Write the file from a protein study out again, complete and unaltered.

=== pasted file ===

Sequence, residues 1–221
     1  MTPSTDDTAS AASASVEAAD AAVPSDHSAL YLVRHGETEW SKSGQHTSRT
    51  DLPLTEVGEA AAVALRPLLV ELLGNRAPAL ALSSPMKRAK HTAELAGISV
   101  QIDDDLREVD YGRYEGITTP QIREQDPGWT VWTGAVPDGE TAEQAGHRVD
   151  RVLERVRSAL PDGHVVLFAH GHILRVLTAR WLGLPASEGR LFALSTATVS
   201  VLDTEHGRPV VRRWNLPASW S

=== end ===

Sequence, residues 1–221
     1  MTPSTDDTAS AASASVEAAD AAVPSDHSAL YLVRHGETEW SKSGQHTSRT
    51  DLPLTEVGEA AAVALRPLLV ELLGNRAPAL ALSSPMKRAK HTAELAGISV
   101  QIDDDLREVD YGRYEGITTP QIREQDPGWT VWTGAVPDGE TAEQAGHRVD
   151  RVLERVRSAL PDGHVVLFAH GHILRVLTAR WLGLPASEGR LFALSTATVS
   201  VLDTEHGRPV VRRWNLPASW S